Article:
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Patients are the True Recipients of $10 Million in Charitable Giving through St. Luke’s

The new St. Luke’s Jerome Memorial Bridge honors the founding Benedictine Sisters and the late Marj Mason, the lead registered nurse who worked at the hospital for 19 years.
By Roya Camp, News and Community
January 3, 2017

From dollars gathered by schoolchildren to checks written by moms and dads, friends and neighbors, those who understand the value of good care close to home stepped up in 2016 to support St. Luke’s mission – for the first time, breaking the $10 million threshold.

St. Luke’s mission – to improve the health of people in our region – is a compelling cause, and why so many gave so generously.

“People understand the benefit of philanthropy,” said Jeff Cilek, St. Luke’s vice president of external relations and executive director of St. Luke’s Health Foundation.

“Every donor matters. Everybody makes a difference, and small amounts often are more inspiring than big dollars.”

St. Luke’s is a not-for-profit organization and community-governed, which means it counts on the communities it serves to support its mission and its patients. It’s a virtuous cycle: patients become donors and donors often become patients, or the relatives of patients, who then become donors, and so on.

Revenues contributed by generous donors are used for everything from gas money for needy patients to very expensive medical equipment that some rural locations might never be able to afford for themselves. That includes donations to St. Luke’s community partners at times, and has meant St. Luke’s can extend the quality of care far beyond its own physical locations.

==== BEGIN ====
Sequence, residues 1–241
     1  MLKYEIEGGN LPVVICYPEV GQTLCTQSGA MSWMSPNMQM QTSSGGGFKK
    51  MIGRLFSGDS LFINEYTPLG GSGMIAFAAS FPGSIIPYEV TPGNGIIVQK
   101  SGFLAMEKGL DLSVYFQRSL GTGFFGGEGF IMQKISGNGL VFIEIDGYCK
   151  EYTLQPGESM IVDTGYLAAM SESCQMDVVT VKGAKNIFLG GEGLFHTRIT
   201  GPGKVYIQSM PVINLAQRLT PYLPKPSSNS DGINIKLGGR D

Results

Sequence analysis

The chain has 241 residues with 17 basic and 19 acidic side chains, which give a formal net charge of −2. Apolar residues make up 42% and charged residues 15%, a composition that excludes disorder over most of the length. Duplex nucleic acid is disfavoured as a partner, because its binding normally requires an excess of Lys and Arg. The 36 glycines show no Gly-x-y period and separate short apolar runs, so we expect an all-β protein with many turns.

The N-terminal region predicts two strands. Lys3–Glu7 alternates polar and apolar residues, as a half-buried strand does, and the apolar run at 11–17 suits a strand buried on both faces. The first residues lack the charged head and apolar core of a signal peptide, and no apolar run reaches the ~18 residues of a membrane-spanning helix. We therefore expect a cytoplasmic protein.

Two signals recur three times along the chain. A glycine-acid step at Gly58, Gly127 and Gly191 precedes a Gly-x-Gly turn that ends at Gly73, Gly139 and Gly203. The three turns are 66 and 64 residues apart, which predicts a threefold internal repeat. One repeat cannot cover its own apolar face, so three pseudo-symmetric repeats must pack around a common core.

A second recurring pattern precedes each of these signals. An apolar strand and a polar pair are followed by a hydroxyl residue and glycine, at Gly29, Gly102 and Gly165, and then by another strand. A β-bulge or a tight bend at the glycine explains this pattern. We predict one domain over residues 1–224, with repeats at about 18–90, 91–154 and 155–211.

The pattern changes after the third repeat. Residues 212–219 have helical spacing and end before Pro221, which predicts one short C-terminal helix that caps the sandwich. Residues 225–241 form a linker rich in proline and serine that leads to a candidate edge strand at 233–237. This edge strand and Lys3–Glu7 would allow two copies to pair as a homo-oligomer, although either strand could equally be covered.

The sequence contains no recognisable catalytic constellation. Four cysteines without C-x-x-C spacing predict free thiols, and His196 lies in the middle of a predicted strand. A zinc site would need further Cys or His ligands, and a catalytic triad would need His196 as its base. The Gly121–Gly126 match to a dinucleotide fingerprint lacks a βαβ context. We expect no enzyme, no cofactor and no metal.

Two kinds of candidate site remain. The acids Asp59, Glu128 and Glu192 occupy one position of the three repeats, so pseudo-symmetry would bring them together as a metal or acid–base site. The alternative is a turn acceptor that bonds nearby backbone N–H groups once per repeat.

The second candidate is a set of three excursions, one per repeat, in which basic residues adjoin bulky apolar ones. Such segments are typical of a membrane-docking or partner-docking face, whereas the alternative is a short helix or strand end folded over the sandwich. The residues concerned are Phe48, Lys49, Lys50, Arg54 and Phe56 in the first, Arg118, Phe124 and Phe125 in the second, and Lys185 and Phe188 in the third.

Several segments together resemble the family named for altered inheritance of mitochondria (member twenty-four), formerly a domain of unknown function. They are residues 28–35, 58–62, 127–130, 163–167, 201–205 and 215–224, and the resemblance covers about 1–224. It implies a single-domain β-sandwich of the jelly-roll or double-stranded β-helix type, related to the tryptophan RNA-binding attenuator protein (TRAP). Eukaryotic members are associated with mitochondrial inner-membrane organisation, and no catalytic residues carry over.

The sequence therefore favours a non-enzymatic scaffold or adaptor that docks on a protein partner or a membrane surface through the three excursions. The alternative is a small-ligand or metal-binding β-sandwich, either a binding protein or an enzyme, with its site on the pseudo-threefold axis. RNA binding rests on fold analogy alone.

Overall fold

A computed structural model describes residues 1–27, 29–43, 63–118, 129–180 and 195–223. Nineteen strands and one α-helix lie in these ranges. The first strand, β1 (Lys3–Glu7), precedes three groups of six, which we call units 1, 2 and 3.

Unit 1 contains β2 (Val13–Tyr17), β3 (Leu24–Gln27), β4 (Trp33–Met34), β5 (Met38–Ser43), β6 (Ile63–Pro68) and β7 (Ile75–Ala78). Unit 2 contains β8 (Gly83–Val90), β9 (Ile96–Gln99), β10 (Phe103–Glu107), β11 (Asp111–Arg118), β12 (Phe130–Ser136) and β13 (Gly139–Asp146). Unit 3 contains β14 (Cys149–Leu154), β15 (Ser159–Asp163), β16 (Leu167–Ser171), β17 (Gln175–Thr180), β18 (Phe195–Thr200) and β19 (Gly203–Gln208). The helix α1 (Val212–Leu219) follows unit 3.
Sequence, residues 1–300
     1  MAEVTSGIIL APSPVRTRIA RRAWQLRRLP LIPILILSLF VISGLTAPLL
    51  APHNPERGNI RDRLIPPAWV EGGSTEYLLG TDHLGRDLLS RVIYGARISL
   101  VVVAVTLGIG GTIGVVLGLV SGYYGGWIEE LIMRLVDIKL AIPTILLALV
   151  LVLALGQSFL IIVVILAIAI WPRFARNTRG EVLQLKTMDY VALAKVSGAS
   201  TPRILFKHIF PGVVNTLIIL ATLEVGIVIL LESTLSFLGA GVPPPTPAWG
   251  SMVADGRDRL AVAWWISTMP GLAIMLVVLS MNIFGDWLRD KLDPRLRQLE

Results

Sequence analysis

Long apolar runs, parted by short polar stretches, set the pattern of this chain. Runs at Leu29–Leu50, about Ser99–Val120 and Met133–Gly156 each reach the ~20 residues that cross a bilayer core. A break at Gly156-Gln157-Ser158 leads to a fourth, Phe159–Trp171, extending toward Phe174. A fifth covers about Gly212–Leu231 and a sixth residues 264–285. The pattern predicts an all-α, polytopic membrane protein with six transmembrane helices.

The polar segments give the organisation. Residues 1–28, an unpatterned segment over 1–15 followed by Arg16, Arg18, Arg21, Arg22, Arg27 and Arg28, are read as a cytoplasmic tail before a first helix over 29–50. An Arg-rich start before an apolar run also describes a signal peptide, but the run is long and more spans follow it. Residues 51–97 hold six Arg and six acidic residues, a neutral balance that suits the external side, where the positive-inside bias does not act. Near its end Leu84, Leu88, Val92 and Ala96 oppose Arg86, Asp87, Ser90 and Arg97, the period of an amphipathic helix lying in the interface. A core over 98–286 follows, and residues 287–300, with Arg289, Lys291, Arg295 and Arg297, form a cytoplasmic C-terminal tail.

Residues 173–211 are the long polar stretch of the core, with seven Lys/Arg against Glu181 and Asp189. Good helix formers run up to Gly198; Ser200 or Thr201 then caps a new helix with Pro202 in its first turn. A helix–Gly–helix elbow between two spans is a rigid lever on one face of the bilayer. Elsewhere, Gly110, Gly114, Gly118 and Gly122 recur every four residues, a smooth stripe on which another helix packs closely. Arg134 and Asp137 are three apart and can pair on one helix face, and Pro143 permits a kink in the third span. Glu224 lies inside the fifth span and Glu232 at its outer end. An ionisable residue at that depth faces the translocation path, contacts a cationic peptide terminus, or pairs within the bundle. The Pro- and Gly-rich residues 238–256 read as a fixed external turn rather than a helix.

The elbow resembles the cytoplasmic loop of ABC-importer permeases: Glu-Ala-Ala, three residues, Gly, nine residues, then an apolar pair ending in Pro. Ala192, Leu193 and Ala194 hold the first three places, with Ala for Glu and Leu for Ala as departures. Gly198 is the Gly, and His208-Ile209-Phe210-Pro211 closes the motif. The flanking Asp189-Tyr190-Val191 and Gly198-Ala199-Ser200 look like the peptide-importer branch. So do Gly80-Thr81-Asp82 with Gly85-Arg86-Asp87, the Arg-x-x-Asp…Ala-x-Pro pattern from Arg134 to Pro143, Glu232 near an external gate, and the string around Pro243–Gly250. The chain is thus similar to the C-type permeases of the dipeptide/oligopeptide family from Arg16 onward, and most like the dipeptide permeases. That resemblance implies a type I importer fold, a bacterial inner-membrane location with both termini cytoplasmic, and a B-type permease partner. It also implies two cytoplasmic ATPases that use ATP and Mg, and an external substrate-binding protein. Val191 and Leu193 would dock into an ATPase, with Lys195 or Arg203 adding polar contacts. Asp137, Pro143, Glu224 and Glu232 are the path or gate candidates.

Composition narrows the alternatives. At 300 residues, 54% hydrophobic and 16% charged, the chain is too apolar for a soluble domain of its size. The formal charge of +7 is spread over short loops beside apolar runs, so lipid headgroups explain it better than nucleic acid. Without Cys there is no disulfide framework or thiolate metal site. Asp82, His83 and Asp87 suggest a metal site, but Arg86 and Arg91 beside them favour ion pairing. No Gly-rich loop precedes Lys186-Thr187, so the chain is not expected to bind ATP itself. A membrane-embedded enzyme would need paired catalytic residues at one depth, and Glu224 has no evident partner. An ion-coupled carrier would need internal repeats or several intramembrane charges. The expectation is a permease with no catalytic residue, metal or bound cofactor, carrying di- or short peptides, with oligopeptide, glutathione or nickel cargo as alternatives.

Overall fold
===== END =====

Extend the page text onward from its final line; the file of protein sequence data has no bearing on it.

Thousands of donors, volunteers and community partners give, help to determine the best ways to share the funds and distribute the financial support as effectively as possible.

Behind every dollar is a donor, and the people who give represent a broad swath of St. Luke’s communities. They are board members, grateful patients and families, physicians, college students, St. Luke’s employees, elementary schoolchildren ... They give through jars at local businesses, festivals and galas, golf tournaments and privately written checks. Every contribution is disproportionately meaningful to St. Luke’s patients, whether the giving is visible or not.

St. Luke’s employees and leaders have been especially active in giving over the past year, Cilek noted, adding that the $10 million figure accounts for giving across the footprint, from the Wood River Valley west into Oregon and north through the McCall area. The Idaho State Elks Association, too, has been a significant part of the generosity in the past year.  

Here is just a sampling of the significant projects that St. Luke’s donor contributions went to, in multiple communities across our region this past year:

  • A new bridge honoring the Benedictine Sisters who founded St. Benedict’s Family Medical Center in 1952. The center is now St. Luke’s Jerome.
  • An expanded infusion center at St. Luke’s Wood River.
  • Balance rehabilitation equipment for use in the Magic Valley. Much of the money raised came through the efforts of Dr. Jonathan Myers, a St. Luke’s medical director of rehabilitation and himself the survivor of a cervical spinal cord injury whose summer climb of Mount Borah captured worldwide attention.
  • Emergency room improvements at St. Luke’s Elmore. In this instance, a very generous St. Luke’s board member in Wood River matched funding raised in Mountain Home.
  • Money toward books for pediatric patients, new diagnostic equipment and a refresh of the hospital in McCall.
  • A new playground for pediatric patients at St. Luke’s Mountain States Tumor Institute and early work on the new Children’s Pavilion in Boise.

Projects are closely aligned with the specific needs of communities, as identified in St. Luke’s Community Health Needs Assessment surveys, and overseen by board members who are themselves community residents and users of St. Luke’s services.

“We’re aligned with what the needs are,” Cilek said. “It’s tighter than it’s ever been.”

How to help

Please consider giving the most meaningful gift you can by making an online donation today or contacting St. Luke's Health Foundation

About The Author

Roya Camp works in the St. Luke’s Communications department.